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St. John the Baptist's Church

The church of St. John the Baptist in Bristol was apparently so named because it adjoined a long-gone ford over the River Frome. Dating from 1350 to 1500, it is highly unusual on two counts. Firstly it is a two-storey church like the Royal Chapel still to be seen at Sainte-Chapelle (Paris) and that nearer to home at the Palace of Westminster of which only the lower church survives. Secondly it incorporates, below its tower, the only remaining City Gate of Bristol.

The association of church and gate was not uncommon in medieval times, yet extremely few survive (See also St. Swithun's, Winchester). Travellers were able to stop at the church to offer prayers for a safe journey, whilst incumbents were able to take advantage of profits thereby incurred. They would, furthermore, act as holy guardians defending the city. This northern gate features statues of Belinus and Brennius, legendary founders of Bristol. There were churches above the west and south gates of the city too, and St. John's even had to share its tower with a second church, dedicated to St. Lawrence, on the western side of the gate. This was deconsecrated in 1580 and removed in 1824.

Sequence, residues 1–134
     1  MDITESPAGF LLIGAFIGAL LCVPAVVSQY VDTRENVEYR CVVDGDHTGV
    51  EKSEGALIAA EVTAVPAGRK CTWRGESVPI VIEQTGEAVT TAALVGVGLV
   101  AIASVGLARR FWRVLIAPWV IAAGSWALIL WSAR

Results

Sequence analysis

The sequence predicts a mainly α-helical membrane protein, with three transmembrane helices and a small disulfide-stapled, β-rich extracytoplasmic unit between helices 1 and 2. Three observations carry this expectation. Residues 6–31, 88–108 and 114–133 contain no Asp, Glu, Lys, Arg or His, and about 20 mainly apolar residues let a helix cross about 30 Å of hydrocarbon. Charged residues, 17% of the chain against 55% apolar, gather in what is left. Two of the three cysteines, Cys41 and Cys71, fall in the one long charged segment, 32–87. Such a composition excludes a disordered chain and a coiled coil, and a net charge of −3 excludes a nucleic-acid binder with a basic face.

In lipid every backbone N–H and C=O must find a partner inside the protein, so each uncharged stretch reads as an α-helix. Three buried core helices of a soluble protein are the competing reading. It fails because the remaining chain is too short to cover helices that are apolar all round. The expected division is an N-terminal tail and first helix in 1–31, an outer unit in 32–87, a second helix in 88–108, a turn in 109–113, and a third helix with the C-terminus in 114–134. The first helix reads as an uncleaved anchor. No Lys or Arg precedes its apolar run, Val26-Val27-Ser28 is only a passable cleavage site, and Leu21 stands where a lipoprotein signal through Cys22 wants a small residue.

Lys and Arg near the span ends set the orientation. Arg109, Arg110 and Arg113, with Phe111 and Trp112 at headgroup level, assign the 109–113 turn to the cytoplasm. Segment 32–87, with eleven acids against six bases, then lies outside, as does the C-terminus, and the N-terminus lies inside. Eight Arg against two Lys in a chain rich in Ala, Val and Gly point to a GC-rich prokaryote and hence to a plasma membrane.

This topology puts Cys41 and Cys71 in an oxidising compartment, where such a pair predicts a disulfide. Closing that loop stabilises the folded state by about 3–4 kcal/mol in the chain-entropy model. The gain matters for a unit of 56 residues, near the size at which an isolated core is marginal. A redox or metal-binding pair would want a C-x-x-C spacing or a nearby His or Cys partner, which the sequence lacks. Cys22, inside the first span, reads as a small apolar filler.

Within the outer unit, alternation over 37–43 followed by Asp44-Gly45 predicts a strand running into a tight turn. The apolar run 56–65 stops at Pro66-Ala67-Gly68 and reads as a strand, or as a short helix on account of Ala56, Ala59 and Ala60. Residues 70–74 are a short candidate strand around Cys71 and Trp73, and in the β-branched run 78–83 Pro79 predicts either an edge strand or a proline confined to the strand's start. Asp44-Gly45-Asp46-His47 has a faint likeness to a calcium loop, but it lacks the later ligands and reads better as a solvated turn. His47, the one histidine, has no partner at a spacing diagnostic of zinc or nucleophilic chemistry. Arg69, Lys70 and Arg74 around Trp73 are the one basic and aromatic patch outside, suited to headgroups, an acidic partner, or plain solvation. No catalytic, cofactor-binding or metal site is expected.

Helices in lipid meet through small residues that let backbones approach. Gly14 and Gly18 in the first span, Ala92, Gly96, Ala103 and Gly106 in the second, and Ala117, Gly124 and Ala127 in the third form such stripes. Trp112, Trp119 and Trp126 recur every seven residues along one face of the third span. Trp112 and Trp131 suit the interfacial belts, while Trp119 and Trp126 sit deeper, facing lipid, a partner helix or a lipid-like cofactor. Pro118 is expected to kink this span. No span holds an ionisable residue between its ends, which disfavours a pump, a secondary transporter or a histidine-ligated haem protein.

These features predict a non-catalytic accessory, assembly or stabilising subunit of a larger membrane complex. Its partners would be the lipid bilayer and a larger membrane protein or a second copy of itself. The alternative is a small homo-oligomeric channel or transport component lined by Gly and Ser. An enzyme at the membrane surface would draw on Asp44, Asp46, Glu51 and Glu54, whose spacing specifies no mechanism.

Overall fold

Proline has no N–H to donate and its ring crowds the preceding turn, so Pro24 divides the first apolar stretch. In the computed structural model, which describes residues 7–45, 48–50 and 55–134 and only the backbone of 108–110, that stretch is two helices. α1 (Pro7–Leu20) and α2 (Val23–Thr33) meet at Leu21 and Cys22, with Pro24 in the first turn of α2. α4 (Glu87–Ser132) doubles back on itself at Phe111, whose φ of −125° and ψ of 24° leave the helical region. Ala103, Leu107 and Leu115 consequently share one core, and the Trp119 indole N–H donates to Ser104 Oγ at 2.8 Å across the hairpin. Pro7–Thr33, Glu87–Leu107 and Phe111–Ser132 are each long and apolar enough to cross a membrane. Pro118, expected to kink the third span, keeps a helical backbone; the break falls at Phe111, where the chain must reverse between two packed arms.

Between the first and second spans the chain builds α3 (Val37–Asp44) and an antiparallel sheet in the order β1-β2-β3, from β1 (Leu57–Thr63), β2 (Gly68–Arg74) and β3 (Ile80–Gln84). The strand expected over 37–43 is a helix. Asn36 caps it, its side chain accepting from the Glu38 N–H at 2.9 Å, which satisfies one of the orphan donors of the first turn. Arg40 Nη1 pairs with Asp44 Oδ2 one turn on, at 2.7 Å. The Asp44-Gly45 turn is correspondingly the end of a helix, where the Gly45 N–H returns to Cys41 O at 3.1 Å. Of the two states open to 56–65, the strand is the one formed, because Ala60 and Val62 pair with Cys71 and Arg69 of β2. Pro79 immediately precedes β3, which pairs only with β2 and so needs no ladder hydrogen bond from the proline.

The main upper church houses some interesting features. At the north-west corner, now unfortunately obscured by a 17th century gallery, are said to be hidden a manacle and stage used to expose to the populace, those under sentence from the ecclesiastical courts. There is a fine 17th century ironwork hour-glass stand, 18th century sculptured beasts flanking the Royal arms, a sword or mace rest, some fragments of medieval glass in the nave and a nice effigy of the benefactor, Walter Frampton in the chancel. The brass in the south of wall of the chancel is to Thomas Rowley (c.1478) who founded the Guild of the Holy Cross and made the lower church into its Chapel. This vaulted area, usually known as 'the Crytpt' is, perhaps, the more attractive level. It was a prestigious place of burial and boasts a number of good effigial monuments.

The Church is owned and opened to the public by the Churches Conservation Trust. Admission free, but donations welcome.

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